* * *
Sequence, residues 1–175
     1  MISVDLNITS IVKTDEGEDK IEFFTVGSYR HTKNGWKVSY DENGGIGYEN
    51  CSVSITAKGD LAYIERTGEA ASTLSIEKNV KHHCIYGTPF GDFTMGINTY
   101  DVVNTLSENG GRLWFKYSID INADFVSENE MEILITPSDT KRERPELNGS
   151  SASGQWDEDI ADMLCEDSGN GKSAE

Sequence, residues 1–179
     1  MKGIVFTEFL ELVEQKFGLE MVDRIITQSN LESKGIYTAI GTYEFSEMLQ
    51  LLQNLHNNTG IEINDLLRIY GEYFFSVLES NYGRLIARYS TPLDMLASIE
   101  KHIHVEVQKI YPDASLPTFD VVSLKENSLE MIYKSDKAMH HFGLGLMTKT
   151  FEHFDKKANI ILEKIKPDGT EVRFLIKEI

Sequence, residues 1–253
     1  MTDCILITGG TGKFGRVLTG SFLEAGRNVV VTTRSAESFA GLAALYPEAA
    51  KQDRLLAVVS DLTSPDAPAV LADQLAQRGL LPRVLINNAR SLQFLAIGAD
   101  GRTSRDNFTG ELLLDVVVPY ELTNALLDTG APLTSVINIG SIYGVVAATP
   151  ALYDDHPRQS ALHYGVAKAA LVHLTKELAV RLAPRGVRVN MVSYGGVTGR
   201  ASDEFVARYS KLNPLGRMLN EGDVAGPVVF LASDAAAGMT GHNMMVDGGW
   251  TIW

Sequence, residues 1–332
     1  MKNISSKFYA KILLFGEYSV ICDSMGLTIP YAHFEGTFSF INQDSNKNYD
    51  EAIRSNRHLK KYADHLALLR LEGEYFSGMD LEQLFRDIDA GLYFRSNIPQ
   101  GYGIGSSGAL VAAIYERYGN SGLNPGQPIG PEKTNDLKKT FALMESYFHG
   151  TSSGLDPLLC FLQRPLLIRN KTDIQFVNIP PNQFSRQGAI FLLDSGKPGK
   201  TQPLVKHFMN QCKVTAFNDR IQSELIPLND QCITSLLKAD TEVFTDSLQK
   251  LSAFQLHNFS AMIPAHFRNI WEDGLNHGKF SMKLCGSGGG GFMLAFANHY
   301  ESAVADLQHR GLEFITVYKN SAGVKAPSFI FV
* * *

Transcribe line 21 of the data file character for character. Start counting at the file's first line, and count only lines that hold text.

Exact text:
   101  GYGIGSSGAL VAAIYERYGN SGLNPGQPIG PEKTNDLKKT FALMESYFHG